Syndication cuts: Mason driving to Elaine's apartment; at the hospital Bates offering $3500, Argyle adding $1000, Finchley accepting; most of Tragg at Elaine's apartment [This is a strange edit. The scene segues from Mason calling Tragg on the phone to Tragg sitting in Elaine's apartment holding the gun with he and Mason staring at each other without saying a word to the scene with Tragg getting the report on the fingerprints.]; Drake at Argyle's place; Drake traveling to Halsey, seeing the telegrams on the floor through the window.
Additional Hallmark cuts: Harry Pitkin bribing Pat at the country club; the short scene of Tragg at Elaine's apartment; Tragg getting the report on the fingerprints on the gun. Submitted by Wiseguy70005, 7/09/12.2017
+ Thankfully, most of these scenes were restored in the MeTV airing. jfh 11May2017.

When Ray Collins was ill his name remained in the credits until he died in 1965. On Cagney & Lacey, actor Sid(ney) Clute (Frederick Arms in this episode) remained in the credits also while ill but his name remained in the credits for the rest of the series even after his death. Submitted by Wiseguy70005, 7/09/12.

Unlike the previous episode "Sun Bather's Diary" Mason's phone number does not appear in the newspaper ad. Submitted by Wiseguy70005, 7/09/12.

We don't see Sheila step down from the stand after her second testimony. We do see two spectators sitting next to each other behind Burger while the judge tells Burger to examine her testimony for perjury and the next witness, the sheriff, being called to the stand. We next see Sheila when Paul looks at her while the sheriff is testifying. She is seen behind Burger sitting between the two spectators who were previously sitting next to each other. So how did she get there without being seen on camera? Submitted by Wiseguy70005, 10/28/13.

Unsolved mysteries: Perry and Paul did not discover the identity of the driver who hit Robert Finchley. Submitted by H. Mason 10/1/14

May 3rd is a very eventful day. This is only episode 18 and is (at least) the third time that date is mentioned. In episode 3, "The Nervous Accomplice," the murder took place on May 3rd. In the previous episode, "The Sun Bather's Diary," the bank robbery occurred on that date. In this episode Mrs. Cromwell last saw Hollister on May 3rd when she came by to pick up the company books. Submitted by Wiseguy70005, 1/20/15.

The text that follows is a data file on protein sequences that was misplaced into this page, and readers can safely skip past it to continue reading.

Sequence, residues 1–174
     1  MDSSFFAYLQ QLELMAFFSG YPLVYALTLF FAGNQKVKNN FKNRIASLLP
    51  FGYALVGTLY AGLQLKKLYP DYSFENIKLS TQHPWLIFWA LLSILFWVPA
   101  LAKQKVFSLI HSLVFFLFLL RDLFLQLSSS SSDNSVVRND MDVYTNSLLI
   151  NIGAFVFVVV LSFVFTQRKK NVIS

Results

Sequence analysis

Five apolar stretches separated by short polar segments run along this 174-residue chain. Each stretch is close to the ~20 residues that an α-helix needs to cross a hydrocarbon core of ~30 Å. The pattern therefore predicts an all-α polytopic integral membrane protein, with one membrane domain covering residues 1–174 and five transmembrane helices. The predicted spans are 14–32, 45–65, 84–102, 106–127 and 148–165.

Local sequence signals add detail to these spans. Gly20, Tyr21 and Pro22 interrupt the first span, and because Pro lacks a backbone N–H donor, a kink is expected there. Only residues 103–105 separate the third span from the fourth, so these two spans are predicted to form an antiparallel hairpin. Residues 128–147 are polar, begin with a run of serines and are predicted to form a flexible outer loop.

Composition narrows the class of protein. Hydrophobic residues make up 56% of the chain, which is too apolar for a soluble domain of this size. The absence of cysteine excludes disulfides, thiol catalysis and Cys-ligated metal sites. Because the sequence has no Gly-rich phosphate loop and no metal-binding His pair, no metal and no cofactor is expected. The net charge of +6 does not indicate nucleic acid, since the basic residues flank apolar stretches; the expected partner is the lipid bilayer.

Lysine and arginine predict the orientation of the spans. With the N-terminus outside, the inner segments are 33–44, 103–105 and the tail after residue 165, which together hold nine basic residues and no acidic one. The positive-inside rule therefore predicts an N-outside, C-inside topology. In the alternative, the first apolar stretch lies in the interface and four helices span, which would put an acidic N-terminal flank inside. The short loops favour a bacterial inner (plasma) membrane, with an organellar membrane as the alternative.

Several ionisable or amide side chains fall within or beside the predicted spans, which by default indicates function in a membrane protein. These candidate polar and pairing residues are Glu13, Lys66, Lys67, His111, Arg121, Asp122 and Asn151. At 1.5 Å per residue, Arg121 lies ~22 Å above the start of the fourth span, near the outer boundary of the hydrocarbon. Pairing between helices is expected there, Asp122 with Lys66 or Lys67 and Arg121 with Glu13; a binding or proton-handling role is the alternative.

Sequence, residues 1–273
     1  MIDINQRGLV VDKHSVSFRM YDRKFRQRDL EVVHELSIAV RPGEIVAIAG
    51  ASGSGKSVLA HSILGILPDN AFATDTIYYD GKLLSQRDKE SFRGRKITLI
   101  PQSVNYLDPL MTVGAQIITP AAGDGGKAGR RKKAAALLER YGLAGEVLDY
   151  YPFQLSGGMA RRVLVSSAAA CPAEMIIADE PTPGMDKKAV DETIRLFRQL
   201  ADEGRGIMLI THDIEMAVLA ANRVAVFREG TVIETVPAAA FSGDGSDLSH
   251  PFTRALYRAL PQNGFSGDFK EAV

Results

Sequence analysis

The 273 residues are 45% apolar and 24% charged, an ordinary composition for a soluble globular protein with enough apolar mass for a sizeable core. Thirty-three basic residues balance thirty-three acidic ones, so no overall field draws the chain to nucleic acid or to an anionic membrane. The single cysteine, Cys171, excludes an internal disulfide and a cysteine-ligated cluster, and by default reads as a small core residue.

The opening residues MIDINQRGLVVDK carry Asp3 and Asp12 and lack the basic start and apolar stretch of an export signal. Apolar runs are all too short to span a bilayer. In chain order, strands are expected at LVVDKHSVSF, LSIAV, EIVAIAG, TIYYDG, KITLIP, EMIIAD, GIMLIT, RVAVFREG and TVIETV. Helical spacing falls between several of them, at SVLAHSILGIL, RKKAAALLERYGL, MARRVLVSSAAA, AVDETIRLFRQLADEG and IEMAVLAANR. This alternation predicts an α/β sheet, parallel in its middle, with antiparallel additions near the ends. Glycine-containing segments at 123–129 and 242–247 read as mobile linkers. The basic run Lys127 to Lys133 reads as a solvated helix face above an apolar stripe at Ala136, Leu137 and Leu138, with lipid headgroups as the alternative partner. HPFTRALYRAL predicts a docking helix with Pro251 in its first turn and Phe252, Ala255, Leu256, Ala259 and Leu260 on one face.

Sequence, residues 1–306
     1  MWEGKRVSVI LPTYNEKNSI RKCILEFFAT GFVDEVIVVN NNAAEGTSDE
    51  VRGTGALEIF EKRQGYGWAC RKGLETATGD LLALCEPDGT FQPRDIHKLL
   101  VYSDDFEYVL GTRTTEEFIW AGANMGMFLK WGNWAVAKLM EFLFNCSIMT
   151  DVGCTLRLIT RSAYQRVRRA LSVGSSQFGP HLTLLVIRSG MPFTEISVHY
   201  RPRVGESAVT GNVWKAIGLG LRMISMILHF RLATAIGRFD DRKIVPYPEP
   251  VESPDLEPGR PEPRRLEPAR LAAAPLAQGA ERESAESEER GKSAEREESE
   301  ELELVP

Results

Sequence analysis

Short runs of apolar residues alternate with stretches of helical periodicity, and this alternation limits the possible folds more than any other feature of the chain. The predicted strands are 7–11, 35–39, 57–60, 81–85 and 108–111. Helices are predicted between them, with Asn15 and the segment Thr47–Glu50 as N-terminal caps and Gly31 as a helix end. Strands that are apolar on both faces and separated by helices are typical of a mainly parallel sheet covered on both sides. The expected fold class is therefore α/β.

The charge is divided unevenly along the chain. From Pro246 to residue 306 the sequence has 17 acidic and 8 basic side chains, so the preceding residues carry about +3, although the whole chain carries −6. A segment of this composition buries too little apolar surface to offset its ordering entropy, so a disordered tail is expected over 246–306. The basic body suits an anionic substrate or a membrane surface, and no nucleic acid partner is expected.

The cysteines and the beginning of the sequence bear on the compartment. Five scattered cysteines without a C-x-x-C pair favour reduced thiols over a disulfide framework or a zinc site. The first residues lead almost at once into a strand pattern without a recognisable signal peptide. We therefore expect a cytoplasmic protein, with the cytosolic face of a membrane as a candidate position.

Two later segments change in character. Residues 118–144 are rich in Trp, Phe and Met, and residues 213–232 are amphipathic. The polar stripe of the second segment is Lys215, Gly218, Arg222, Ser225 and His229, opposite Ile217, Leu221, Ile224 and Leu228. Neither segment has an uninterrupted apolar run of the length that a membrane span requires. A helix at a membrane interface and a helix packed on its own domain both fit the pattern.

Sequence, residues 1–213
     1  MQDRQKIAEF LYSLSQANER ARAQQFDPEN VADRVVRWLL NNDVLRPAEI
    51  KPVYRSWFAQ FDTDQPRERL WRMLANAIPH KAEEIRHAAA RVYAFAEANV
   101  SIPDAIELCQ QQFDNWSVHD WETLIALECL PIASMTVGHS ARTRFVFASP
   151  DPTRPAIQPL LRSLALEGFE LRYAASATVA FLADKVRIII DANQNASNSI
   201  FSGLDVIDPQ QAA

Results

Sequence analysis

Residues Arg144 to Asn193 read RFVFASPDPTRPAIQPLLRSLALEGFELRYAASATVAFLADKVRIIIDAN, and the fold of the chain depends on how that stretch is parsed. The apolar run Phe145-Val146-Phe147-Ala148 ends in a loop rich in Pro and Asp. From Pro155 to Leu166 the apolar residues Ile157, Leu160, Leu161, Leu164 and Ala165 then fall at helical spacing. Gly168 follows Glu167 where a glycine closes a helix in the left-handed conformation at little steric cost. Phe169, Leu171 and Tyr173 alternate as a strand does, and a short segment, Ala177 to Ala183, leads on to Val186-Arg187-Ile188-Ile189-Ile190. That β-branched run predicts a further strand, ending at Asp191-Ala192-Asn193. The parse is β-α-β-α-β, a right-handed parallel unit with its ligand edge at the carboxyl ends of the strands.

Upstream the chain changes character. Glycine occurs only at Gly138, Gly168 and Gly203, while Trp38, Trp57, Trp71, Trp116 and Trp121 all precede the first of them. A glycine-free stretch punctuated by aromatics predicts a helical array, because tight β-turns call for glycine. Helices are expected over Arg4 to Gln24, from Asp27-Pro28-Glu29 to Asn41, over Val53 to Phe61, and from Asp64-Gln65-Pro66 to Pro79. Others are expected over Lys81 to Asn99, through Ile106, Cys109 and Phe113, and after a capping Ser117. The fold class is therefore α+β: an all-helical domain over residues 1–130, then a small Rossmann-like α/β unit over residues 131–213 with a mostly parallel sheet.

+ The Sheriff testified that it had to be May 3rd because the evidence pointed to a High Tide. Mike Bedard 4.14.15

The price of the 15-word Telegram was $1.15 + .12 Tax. Mike Bedard 4.14.15

Donald Randolph was born in South Africa in 1906...MikeM. 8/2/2016

Alfred Hitchcock Psycho Mother - Virginia Gregg was the voice for Norman Bates Mother in the 1960 classic movie Psycho. Submitted by BigBill767, Nov 13, 2016.
+ She continued as the voice of Norma Bates in Psycho II and in Psycho III. jfh 27May2019.

This is the only PM writing credit (shared with Gene Wang) for Leo Townsend, who was exposed as a member of the Communist Party during the HUAC investigation in the 1950s. After consulting with his employer, Warner Brothers, Townsend agreed to testify before the committee and give the names of other "leftists" in order to keep his job...MikeM. 5/15/2018

Gavel Tally - After Sheila Cromwell breaks down under Perry's grilling, a hubbub breaks out in court and the judge gavels court to "order". OLEF641 11/27/21

There is an odd sound in this episode on the DVD. After Frederick Arms on the stand says "That's not for me to say" (@35:00) there is a sound which to me sounds like a fragment of a door buzzer similar to Elaine Barton's door buzzer (@12:05). Wiseguy70005, 2/22/24.

The suspenseful music played (@11:15) when Mason first enters Elaine's apartment is one of my favorite pieces of background music in the series. Wiseguy70005, 2/22/24.

Closed-captioning oddity: Harry Pikin says to Elaine "I made a mistake, you made a beaut." The closed-captioning reads "you made a few." Slightly different meaning. Wiseguy70005, 2/22/24.